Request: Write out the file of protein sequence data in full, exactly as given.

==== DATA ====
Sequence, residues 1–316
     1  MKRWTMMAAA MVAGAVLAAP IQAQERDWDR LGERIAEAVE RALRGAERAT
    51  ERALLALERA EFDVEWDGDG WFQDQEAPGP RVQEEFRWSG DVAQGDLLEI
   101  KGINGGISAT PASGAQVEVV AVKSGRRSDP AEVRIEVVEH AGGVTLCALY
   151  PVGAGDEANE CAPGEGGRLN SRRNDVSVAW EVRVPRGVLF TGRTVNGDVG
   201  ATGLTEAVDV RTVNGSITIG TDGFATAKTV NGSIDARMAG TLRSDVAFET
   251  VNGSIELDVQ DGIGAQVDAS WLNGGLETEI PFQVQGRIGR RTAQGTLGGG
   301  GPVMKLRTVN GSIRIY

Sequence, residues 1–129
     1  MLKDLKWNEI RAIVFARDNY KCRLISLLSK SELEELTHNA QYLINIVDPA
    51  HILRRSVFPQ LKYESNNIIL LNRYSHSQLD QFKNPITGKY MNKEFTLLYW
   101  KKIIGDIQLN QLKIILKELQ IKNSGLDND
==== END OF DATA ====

Sequence, residues 1–316
     1  MKRWTMMAAA MVAGAVLAAP IQAQERDWDR LGERIAEAVE RALRGAERAT
    51  ERALLALERA EFDVEWDGDG WFQDQEAPGP RVQEEFRWSG DVAQGDLLEI
   101  KGINGGISAT PASGAQVEVV AVKSGRRSDP AEVRIEVVEH AGGVTLCALY
   151  PVGAGDEANE CAPGEGGRLN SRRNDVSVAW EVRVPRGVLF TGRTVNGDVG
   201  ATGLTEAVDV RTVNGSITIG TDGFATAKTV NGSIDARMAG TLRSDVAFET
   251  VNGSIELDVQ DGIGAQVDAS WLNGGLETEI PFQVQGRIGR RTAQGTLGGG
   301  GPVMKLRTVN GSIRIY

Sequence, residues 1–129
     1  MLKDLKWNEI RAIVFARDNY KCRLISLLSK SELEELTHNA QYLINIVDPA
    51  HILRRSVFPQ LKYESNNIIL LNRYSHSQLD QFKNPITGKY MNKEFTLLYW
   101  KKIIGDIQLN QLKIILKELQ IKNSGLDND